Here's mine.

Smart Roadster Shots

Response so far have been mixed...

"It's a bit gay, isn't it?"
"Really cool."
"A bit plasticy."
"The front looks like a Lotus Elise"

...a bit like asking people opinions on Marmite. One thing's for sure, though - kids seem to love it. I've lost count of the amount of children who have pointed from a distance, or who have shouted, "cool car!".

Without a doubt, the Roadster is distinctive - there's not many on the roads (production was ceased in 2006). Just like the Toyota MR2, they're now an endangered species.

When you mention the specs of the vehicle to people who inevitably ask, they raise their eyebrows and question your sanity. 698cc Hardly sounds like the stuff of sports-cars - I'm about 96cc away from my Citroen Dyane days again. However, with a turbo fitted, 0 - 60 in just under eleven seconds seems a lot more reasonable. In reality it doesn't really matter, because when you're driving it just feels fast - I guess that the close proximity to the road probably has something to do with it. With the roof back and the paddle-shift gear-change,it's all the more fun - I'm continually driving with a big grin on my face.

Best. Car. Ever.

More importantly though, I'm getting at least 50 to the gallon. Naturally, you'll get less if you drive it like a go-cart, but as petrol prices increase, demand for small cars such as this will too. After having the vehicle for three weeks, I've now sussed out how to use the boost-gauge to better manage my fuel economy - I'm up to 53mpg so far - and that's hardly driving at a crawl. I'm aiming for sixty - and with a six-speed gearbox such as this, I think it's possible.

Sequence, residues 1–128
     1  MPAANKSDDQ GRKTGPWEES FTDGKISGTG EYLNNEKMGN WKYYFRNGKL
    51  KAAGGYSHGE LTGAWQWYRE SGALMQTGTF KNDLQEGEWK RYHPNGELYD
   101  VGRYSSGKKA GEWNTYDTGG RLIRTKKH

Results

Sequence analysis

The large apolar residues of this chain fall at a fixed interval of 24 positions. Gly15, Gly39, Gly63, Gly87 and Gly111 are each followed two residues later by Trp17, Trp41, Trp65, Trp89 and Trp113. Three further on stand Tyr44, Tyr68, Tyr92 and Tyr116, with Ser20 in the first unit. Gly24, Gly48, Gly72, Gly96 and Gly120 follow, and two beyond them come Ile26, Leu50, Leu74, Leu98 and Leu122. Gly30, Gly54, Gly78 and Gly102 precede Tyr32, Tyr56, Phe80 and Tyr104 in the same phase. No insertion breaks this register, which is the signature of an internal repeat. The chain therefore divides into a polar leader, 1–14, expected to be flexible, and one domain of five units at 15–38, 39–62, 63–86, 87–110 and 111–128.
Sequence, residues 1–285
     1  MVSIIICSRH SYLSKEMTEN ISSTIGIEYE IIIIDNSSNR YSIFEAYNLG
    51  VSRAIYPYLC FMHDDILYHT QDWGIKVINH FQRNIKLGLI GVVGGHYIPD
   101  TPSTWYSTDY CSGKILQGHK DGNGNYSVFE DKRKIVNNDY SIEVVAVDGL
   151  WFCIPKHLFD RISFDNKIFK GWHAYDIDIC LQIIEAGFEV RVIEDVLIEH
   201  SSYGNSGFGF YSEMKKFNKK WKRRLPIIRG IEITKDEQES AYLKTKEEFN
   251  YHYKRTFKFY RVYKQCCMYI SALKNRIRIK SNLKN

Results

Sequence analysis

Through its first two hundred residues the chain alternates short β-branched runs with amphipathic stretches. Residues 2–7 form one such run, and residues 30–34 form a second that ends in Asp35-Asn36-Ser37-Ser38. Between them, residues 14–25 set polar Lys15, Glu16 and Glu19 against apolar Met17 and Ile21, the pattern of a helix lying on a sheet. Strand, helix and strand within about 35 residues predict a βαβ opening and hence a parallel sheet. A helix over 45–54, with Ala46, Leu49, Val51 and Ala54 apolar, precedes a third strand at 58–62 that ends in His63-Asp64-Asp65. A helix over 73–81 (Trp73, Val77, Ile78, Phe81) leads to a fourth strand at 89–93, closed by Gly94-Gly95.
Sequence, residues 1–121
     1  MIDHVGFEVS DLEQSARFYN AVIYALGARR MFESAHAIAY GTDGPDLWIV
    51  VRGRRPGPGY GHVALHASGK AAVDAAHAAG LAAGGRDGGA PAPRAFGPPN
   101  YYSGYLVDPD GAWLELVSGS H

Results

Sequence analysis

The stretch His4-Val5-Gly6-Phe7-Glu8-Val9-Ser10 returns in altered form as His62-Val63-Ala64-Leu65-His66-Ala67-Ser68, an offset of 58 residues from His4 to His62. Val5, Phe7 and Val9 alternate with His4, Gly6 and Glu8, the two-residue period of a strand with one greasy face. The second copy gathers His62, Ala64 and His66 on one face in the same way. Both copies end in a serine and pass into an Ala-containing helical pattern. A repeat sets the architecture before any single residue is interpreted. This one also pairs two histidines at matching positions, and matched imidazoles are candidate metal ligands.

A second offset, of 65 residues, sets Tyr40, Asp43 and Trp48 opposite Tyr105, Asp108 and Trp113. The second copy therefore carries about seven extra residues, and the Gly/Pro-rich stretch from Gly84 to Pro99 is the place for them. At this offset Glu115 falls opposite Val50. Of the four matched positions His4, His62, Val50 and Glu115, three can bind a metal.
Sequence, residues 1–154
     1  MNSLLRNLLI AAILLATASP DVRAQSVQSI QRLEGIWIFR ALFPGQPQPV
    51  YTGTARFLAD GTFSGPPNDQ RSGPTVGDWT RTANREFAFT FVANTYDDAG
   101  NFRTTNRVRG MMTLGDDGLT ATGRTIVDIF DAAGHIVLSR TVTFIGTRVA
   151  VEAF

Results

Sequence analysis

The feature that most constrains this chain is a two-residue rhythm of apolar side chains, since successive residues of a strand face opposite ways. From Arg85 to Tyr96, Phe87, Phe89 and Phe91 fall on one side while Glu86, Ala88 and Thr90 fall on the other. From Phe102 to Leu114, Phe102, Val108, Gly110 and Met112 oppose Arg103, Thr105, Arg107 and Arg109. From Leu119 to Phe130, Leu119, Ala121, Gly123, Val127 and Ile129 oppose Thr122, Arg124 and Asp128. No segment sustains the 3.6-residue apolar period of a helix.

Whilst I've rambled on about advantages, there's a few disadvantages. With a small vehicle such as this, that's low to the ground, many people don't see you - or pretend they don't. It's interesting how road users will bully smaller vehicles to get where they want, cut you off or pull-out straight in front of you. To get around this, I drive quite aggressively and with my headlights permanently on - this further removes the excuses for not seeing me. You also get attitude from other drivers because you're driving a soft-top, something that other drivers traditionally hate - especially in good weather. "Everyone hates you so much, that it's like you eat babies and still have a half-chewed leg stuck in your teeth.", said a recent passenger. Indeed.

I learnt this that after an idiot reversed into me, having only had the car for two hours - a good start.

Whilst many have cited leaks as a problem (common amongst all Roadsters, not just the Smart), mine has (thankfully) stayed completely dry in the wet. That's probably not going to stop me considering some sort of weather cover for the winter months as extra insurance, though. A slow gearbox has been mentioned too, but I'm figuring that my engine management system has been upgraded, because I don't seem to have any trouble.

As a semi-automatic, my left leg has now been made redundant, but I'm sure it'll live.

In summary, like many others may have said, if you want cheap, fun driving - with a tiny hint of practicality (the boot in the front adequately carries my groceries), then I can only recommend it - unless you've got a family of four and a dog, of course

If you want to see what it's like, click here....